For our weekly charts this week we provide an update on IMO 2020 given on-going fluctuating fuel prices as well as some recent and potentially overlooked news on scrubber policy, which could become problematic for CCL. We’ll discuss and later in Exhibit 1 and Exhibit 2 we’ll quantify the potential impact to fuel expense. Please click the link above for the full report.
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Last week we lowered our Lodging sector rating to Market Weight and downgraded HST to Underperform. Our view is we seem late in the lodging cycle and we think U.S. RevPAR faces risks. See our notes with our complete thesis here and here. To be clear we aren’t making a negative call on all lodging. We’re still bullish on timeshare (VAC and HGV), which is our favorite sub-group, and RevPAR isn’t a KPI for timeshare. We also think the hotel C-Corps can still work in a tepid U.S. RevPAR environment because the asset-light business models are powerful, and efforts by China/Europe to re-stimulate could start to favor names with international exposure like the C-Corps, but admittedly we now see less exciting upside to the C-Corps as reflected by our target prices. Given the move in lodging stocks as well as slowing U.S. RevPAR the risk/reward of the space seems less compelling. Owned real estate in the U.S. seems most exposed to our view, which is the reason for our downgrade of HST to Underperform. Investor feedback on our call has generally been receptive, and it feels like sentiment is definitely biased negative. From our conversations we even sense some bearishness towards the high-quality C-Corps.
Timeshare stocks have rallied hard since the Christmas Eve bottom, with VAC up 61%, HGV up 33%, and WYND up 39% versus the S&P 500 up 19%. However, the stocks still remain well off their 2018 highs. For example, VAC remains 35% below its prior high and HGV remains 31% below its prior high, and it’s been entirely a function of multiple contraction. Interestingly, the S&P 500 is now only 5% below its prior high and credit spreads have narrowed considerably.
We aggregated pricing trends across multiple vacation options/destinations including cruise lines, Las Vegas casinos, hotels in multiple global markets, airline fares, Disney resorts, ski resorts, and rental cars. The purpose of our analysis was to compare pricing trends for cruises and Las Vegas casinos to alternative vacation options to understand if recent years of pricing strength may begin to make substitute vacation options more attractive, which some investors have expressed to us.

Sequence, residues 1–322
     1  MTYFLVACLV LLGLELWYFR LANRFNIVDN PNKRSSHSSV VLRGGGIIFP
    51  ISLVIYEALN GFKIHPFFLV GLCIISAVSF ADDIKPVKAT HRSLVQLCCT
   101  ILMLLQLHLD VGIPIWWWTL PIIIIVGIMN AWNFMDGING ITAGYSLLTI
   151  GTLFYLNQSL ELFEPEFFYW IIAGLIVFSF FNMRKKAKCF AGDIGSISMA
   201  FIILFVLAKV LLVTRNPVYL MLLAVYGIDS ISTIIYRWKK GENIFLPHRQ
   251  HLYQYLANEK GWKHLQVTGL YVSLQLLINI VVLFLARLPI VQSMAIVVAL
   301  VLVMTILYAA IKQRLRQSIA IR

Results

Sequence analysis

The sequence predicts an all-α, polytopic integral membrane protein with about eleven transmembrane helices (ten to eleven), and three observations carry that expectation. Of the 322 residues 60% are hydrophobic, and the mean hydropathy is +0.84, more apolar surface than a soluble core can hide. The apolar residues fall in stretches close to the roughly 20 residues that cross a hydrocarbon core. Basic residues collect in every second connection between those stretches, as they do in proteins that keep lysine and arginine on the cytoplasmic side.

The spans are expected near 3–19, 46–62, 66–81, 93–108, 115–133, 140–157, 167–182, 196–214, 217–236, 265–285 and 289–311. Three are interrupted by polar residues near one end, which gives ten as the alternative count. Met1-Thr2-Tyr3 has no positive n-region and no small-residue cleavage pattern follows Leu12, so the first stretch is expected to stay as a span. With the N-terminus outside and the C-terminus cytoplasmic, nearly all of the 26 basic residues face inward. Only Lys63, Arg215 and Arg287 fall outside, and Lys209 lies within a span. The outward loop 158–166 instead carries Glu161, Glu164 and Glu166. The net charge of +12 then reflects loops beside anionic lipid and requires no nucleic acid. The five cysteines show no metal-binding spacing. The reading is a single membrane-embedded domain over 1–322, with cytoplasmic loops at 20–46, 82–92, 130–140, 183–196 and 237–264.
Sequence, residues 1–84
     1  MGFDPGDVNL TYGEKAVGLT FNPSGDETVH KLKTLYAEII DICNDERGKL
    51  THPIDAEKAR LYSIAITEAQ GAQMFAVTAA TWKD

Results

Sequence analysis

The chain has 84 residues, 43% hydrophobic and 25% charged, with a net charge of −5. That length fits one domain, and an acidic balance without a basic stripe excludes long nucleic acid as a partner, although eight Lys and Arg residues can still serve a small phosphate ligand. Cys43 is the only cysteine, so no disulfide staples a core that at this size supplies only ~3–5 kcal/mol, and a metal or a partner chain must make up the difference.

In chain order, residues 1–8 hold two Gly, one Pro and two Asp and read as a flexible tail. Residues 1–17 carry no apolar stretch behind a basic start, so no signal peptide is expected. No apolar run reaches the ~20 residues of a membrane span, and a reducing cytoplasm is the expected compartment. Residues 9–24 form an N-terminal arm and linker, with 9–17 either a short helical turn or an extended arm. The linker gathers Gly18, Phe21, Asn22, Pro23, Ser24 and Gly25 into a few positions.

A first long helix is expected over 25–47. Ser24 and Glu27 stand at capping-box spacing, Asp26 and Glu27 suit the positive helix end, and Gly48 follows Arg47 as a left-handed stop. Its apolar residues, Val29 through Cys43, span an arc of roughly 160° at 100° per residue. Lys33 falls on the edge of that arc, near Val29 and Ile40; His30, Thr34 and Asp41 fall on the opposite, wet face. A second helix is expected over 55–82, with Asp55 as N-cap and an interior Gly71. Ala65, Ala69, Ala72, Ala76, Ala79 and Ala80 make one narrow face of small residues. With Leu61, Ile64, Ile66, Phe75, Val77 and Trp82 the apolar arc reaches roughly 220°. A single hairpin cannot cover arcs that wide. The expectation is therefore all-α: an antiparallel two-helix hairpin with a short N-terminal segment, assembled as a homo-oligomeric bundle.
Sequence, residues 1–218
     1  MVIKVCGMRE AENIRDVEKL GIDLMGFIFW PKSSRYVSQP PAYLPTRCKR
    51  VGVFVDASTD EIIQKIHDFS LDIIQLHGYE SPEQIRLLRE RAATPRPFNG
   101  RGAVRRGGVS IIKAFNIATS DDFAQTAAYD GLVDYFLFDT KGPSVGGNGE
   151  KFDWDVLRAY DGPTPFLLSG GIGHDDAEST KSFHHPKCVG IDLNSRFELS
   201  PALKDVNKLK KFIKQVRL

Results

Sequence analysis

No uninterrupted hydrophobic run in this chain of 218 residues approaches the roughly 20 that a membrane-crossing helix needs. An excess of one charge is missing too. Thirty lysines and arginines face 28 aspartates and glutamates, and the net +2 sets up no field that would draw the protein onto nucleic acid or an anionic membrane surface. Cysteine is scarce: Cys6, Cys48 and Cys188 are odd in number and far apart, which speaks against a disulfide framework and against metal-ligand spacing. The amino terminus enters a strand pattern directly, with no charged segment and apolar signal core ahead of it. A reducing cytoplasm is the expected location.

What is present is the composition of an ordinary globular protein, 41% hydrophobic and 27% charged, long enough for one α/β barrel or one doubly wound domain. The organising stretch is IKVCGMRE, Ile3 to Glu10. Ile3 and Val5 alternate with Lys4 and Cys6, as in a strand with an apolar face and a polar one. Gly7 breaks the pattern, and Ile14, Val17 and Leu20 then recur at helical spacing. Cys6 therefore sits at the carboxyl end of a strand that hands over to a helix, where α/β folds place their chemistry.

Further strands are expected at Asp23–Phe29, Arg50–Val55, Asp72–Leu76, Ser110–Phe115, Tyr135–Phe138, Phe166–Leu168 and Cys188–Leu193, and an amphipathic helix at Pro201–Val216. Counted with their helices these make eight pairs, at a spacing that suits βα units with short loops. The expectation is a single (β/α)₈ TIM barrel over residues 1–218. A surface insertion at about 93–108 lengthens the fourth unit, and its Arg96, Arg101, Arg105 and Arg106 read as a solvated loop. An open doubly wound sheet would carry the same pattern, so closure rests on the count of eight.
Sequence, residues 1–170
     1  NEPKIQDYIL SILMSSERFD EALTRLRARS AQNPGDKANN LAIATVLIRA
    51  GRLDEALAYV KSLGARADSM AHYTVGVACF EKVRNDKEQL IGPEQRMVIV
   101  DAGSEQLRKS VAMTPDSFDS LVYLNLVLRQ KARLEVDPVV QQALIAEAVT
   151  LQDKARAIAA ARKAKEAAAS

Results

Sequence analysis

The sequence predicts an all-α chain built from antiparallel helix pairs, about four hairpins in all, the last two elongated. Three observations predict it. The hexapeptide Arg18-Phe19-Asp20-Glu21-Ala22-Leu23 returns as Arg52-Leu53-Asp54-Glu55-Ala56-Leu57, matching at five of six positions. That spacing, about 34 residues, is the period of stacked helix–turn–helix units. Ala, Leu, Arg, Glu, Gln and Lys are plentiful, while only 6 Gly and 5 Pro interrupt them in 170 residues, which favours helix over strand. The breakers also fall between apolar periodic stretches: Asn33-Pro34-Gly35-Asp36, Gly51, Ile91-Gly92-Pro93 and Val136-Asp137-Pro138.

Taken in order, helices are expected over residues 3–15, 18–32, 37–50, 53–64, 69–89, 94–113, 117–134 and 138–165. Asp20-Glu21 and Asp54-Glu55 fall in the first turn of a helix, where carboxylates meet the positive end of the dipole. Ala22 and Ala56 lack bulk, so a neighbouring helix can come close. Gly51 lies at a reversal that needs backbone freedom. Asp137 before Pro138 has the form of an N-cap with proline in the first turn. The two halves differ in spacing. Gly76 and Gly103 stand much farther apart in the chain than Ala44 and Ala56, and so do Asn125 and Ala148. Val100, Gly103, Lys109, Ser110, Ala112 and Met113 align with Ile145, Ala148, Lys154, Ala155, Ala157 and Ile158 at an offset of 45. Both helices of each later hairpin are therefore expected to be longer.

Throughout 2018 cruise, gaming, and lodging stocks have been tightly correlated with the Chinese equity market, despite the fact that many of these companies have little to no direct exposure to China. So far YTD the y/y change in the S&P 500 has had a +0.61 correlation to the y/y change in the China CSI 300 index. This compares to the average of cruise stocks at +0.85, the average of timeshare stocks at +0.92, the average of hotel C-Corp stocks at +0.85, the average of Vegas gaming stocks at +0.90, and the average of Macau gaming stocks at +0.95.
Last week we saw oil prices continue to decline, we got new October data from China, and we saw insiders at VAC buying stock. We’ll discuss the impact for our coverage in four charts
Last week our coverage universe sold off with the broad market, we assume mostly due to rising rates and trade tension. We have five observations with five related charts to highlight, which we think have relevance for our group.
Within the last couple months we’ve seen an increase in insider buying activity in our coverage universe, with seven C-level purchases spanning six different companies since the end of June. This is actually the most activity we have seen in our coverage since 2009, which obviously turned out to be a great buying opportunity during that time.
Last Thursday (08/16/18) we sent out a video update with slides (located here) on our space highlighting the magnitude of the sell-off in gaming, lodging, and cruise line stocks and why we think our names present buying opportunities within the consumer space. The market continues to hover around all time highs, but the average of the stocks we cover are currently down 19% from recent highs, and it’s been driven by multiple contraction. There are various reasons for the weakness whether it’s fuel/FX related, hurricane related, Vegas group demand related, China macro related, or just overall cycle related, but we also think the stocks of our sectors are saying something different about the cycle and future risk versus what the broad market is saying and we think one is probably right and one is probably wrong. Now, we think re-positioning and just an overall rotation on mean reversion is another key factor, as retail names sensitive to the Amazon effect which underperformed last year are now outperforming this year. It’s likely that trade has been funded from the experiential travel names – the ones we cover – which materially outperformed in 2017.
MAR’s stock is now down 19% from its high in January, and the stock had a particularly tough week this past week after what appears to be some minor merger integration issues in the form of higher room terminations than expected. Sentiment on this stock has gotten poor, and we feel the need to reiterate and defend the bull thesis on this stock with five key charts. While admittedly there aren’t many identifiable “near-term catalysts,” we think MAR is too good of a company at this valuation, and these charts are meant for investors looking for quality on a pullback. Our thesis on MAR really applies to HLT, too, another stock we like for quality on a pullback. We’ll run through five charts and we’ll start with room terminations.
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